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Stock market enjoys best week for 80 years, but experts urge caution

Stock market enjoys best week for 80 years, but experts urge caution
(Image credit: Getty / Witthaya Prasongsin / EyeEm)

The stock market provided investors with some much needed respite last week after the Dow Jones industrial average recorded its most significant weekly gains since 1938. Buoyed by the prospect of the Senate’s $2 trillion coronavirus stimulus package, the Dow Jones posted gains of 12.8% for the week, while the S&P 500 rose by 10.3%, its best weekly gain since 2009.  

For concerned investors and pension savers who have seen their nest eggs slump in value since the reality of the global coronavirus pandemic dawned upon the markets, this is undoubtedly welcome news. It may even have inspired some optimistic investors to consider seeking out the best online stock trading platforms, as they look to take advantage of what they will view as buying opportunities in the markets.

However, as Forbes points out, even after last week’s upturn in fortunes, both stock markets remained more than 20% down on the record highs that they had been posting in February. And even though the gains have so far continued into this week, it seems highly unlikely that a definitive corner will have been turned just yet, particularly given the warnings that the worst of the pandemic is yet to come.  

Indeed, experts suggest that the economic fallout from the coronavirus is likely to continue to rattle markets for the foreseeable future. Companies do not yet know how deeply the crisis will affect their profits, while the wider economy has little in the way of hard evidence to quantify the impact just yet, besides knowing that most indicators will currently be deteriorating relatively quickly.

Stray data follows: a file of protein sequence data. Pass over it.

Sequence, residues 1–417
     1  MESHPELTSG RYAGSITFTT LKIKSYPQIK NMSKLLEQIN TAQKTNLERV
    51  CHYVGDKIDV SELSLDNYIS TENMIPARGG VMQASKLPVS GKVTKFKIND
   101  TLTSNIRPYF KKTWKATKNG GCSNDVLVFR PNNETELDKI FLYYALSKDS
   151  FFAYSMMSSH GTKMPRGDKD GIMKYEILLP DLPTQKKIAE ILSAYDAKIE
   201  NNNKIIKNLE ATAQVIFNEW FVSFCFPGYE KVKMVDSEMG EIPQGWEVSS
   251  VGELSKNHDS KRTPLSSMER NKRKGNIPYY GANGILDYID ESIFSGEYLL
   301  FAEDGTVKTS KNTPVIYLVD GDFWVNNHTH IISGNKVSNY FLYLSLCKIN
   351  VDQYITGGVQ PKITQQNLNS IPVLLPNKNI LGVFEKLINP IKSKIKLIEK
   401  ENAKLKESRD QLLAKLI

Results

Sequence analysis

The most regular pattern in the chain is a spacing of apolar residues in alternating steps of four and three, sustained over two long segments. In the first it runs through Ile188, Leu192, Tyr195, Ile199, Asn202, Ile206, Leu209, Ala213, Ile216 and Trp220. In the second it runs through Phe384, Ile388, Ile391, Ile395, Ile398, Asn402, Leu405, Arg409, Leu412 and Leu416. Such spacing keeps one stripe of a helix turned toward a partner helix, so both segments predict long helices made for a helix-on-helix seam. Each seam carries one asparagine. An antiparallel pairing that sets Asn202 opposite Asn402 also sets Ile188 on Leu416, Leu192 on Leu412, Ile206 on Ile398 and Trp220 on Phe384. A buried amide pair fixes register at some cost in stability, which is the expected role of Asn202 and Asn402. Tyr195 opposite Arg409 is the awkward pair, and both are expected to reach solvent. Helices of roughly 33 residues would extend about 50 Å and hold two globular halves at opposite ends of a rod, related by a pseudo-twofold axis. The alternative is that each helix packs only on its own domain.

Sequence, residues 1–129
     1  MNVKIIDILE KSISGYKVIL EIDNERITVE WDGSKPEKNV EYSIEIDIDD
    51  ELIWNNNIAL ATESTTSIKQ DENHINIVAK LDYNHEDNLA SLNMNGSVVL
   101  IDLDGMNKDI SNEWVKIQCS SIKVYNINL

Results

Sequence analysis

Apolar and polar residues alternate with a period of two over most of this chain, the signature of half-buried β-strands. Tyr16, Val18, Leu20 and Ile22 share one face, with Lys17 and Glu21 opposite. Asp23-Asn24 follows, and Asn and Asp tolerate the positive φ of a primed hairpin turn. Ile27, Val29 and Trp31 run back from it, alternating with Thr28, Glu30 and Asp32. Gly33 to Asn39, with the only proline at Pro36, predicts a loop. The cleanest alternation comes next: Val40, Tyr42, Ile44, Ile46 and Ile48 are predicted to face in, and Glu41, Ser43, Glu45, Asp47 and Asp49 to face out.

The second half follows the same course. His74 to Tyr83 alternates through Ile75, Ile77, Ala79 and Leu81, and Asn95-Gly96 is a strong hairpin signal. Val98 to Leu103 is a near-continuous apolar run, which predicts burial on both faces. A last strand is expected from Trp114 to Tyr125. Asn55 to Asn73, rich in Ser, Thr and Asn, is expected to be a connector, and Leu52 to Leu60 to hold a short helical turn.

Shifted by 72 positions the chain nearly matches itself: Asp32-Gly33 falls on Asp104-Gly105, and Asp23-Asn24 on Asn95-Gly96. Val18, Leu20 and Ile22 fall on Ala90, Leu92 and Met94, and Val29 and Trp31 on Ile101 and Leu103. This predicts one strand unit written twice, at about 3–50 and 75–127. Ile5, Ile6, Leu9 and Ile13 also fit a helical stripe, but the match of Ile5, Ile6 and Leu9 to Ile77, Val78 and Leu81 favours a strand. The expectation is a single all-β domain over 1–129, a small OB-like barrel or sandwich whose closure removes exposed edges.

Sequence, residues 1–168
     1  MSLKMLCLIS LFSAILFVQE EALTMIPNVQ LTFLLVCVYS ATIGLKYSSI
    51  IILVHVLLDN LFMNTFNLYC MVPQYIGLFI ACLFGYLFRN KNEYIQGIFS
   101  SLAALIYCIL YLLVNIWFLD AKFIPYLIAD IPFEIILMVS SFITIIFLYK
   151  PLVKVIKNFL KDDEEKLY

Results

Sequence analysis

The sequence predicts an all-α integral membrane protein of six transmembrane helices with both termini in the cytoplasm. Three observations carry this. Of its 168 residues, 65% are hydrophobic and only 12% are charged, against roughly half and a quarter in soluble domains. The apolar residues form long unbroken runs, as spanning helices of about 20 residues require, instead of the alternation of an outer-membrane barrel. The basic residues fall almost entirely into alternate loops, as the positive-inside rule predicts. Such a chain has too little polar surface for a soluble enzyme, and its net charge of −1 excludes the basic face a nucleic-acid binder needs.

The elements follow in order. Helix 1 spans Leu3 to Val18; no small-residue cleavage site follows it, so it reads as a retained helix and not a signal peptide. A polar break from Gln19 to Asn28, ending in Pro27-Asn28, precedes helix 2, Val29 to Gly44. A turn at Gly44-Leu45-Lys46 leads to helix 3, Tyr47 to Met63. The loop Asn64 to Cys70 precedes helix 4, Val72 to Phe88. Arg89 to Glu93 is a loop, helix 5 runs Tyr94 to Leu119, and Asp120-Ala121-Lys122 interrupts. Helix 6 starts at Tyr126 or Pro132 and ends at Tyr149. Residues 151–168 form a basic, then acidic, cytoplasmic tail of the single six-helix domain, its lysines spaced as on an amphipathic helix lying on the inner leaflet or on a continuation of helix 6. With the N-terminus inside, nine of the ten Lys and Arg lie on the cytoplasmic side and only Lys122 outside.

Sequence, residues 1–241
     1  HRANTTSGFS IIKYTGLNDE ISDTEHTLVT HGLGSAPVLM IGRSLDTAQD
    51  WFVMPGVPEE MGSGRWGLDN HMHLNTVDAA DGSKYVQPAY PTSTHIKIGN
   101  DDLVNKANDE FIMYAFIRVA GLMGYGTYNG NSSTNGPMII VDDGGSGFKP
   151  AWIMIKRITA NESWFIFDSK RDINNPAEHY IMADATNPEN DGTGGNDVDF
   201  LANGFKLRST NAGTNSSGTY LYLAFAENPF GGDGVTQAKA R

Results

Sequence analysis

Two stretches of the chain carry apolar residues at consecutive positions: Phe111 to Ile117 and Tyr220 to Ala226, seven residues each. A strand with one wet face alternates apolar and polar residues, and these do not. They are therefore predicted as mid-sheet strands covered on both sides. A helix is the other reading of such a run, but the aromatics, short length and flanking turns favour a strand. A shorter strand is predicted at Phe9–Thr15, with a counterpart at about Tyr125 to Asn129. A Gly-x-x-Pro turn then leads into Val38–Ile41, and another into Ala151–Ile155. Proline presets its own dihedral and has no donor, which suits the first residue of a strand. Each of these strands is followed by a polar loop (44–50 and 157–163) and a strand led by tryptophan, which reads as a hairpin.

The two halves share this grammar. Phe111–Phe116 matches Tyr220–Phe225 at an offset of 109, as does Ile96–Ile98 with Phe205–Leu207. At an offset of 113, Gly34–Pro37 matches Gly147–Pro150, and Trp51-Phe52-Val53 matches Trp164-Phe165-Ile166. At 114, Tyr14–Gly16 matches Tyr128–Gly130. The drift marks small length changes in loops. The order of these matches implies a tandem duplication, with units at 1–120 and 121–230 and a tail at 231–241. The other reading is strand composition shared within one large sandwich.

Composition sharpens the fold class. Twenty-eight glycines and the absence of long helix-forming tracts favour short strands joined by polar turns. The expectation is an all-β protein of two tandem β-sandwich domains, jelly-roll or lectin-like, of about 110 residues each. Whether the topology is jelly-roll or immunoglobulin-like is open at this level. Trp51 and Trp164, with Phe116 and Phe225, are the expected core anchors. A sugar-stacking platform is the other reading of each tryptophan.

What does it mean for you?

For ordinary workers and homeowners, the ongoing uncertainty is likely to continue to bite hard. More jobs will almost certainly be lost and bill-payers will have to face the challenges presented by reduced incomes. 

The net result is that volatility is likely to remain the watchword in the coming weeks and months. For seasoned investors who adopt a long-term view, this should not represent much of a concern, with ups and downs - albeit in this instance relatively significant ones - a normal part of stock market investing.

(Image credit: Getty Images)

As mentioned previously, investors might also be thinking that there are bargains to be had, and will have been regularly consulting their personal finance software, and seeking out the best forex brokers to make gains. 

Their optimism may eventually prove well-founded, but caution and patience should be the order of the day. Investing in the stock market should be thought of in terms of five years or more, rather than weeks or months, and that is the best context through which to view the current turbulence.